“University politics,” Henry Kissinger famously cracked, “are vicious precisely because the stakes are so small.”

Zac Peskowitz

There are all kinds of politics at this university and yes, the stakes are usually small (hey, we have to practice for the real world somewhere) and they can indeed be vicious (though no more so than anywhere else). Recent political flare-ups have included everything from protests over war and affirmative action to the pitched battles between student groups on different sides of the Israeli-Palestinian conflict to boycotts of certain publications.

Student politics here take the more conventional electoral form too, but compared to elections for state and national offices, the politics of the elections for the University’s student government, the Michigan Student Assembly, aren’t all that vicious – though they can certainly be dirty. Nary a year goes by without some scandal like the “shots for votes” incident, voting with stolen uniqnames and passwords, or campaigners improperly influencing voting. The infractions are usually discovered however, and the campaigns are relatively civil. The elections can be incredibly competitive though. I’ve seen more student political parties chewed up in MSA election cycles than I can remember. There was the once dominant Students Party, which, after a bad loss to a party created by defectors from their own ranks (the Blue Party) quickly fell apart. Blue itself lasted an impressive 4 years, but with its loss of the presidency in a squeaker last year to the Students First Party and a pathetic showing in the fall elections, Blue has gone the way of its Students Party forbearer.

The disappearance of old parties never means lack of competition because new parties spring up in just about every winter election. They’re often run by those with MSA experience and ambition, but who were left out of office or opportunities for advancement by the electoral success of a party they didn’t belong to. Parties are the vehicles most students use to run and win elections. They’re often driven by a few people who build an organization and slate of candidates around their own candidacies. I imagine this is the reason parties tend to fall apart so easily; without the original energy of founders focused on a goal they were driven enough to take the time and expense to form a whole party to achieve, parties often can’t compete with newer and more motivated challengers.

While it sounds like a preposterous principle for a political party, those parties that do the best in elections are those that purport to be reaching out to and representing everybody and all their views. Niche players don’t usually fare very well, even when the niches appear quite large. Take the University Democrats, for example, a party that, given the political demographics of the student body, might have been expected to do quite well on the basis of its name alone (though it sported an impressive list of student groups backing it as well). Its candidates fared poorly, winning only a handful of seats in two elections before fading from the scene. Another niche player – and the oldest existing party – is the often controversial, often marginal, but uniquely resilient Defend Affirmative Action Party. DAAP has had its ups and downs over the years, but seems to have settled (involuntarily) into the role of being a minor fixture with most of it seats coming from graduate programs.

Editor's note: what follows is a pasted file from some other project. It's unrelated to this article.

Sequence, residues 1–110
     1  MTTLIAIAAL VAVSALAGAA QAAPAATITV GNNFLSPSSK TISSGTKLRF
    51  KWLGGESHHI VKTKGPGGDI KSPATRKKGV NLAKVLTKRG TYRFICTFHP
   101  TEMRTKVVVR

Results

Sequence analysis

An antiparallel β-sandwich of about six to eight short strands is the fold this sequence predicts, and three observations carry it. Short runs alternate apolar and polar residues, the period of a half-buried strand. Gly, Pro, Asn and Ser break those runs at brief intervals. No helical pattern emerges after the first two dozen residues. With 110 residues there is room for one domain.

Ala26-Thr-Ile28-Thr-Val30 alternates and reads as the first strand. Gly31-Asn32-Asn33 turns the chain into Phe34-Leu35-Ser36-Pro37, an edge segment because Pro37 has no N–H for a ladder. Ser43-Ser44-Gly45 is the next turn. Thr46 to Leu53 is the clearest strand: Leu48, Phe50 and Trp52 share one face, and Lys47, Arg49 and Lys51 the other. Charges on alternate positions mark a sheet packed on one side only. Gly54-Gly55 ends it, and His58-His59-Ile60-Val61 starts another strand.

Aware that broad-based (in name at least) parties do the best and of the problems even explicitly liberal parties have getting elected, a recurring phenomenon over the years has been groups of conservatives forming mainstream-sounding parties to try to get themselves onto MSA. They have had varying degrees of success, from the nonstarting New Frontier Party, to the disgraced and disqualified Wolverine Party, to the relatively successful Michigan Party. One way to pick these parties out is that they usually explicitly campaign against the widely-criticized (though I doubt it moves many votes) practice of passing MSA resolutions on national issues, which are often used to express support for liberal causes.

That would indicate this year’s primarily conservative party is the new University Party; which is merely a hypothesis, though they are running a candidate, Adam Haba, who wrote a bizarre e-mail forwarded widely around campus in which he responded to an invitation to an African American cultural show, by writing, among other things, “I refuse to sit through an hour of ‘I hate whitey’ racial slurs, in your ‘nazi-esque’ attempt to convince me that I am the cause of your oppression, for the sole reason that I am white.” On the plus side, their website does contain the best campaign line I’ve ever seen: “Tracy Bell loves Taco Bell!”

Vicious.

Cunniffe can be reached at pcunniff@umich.edu.

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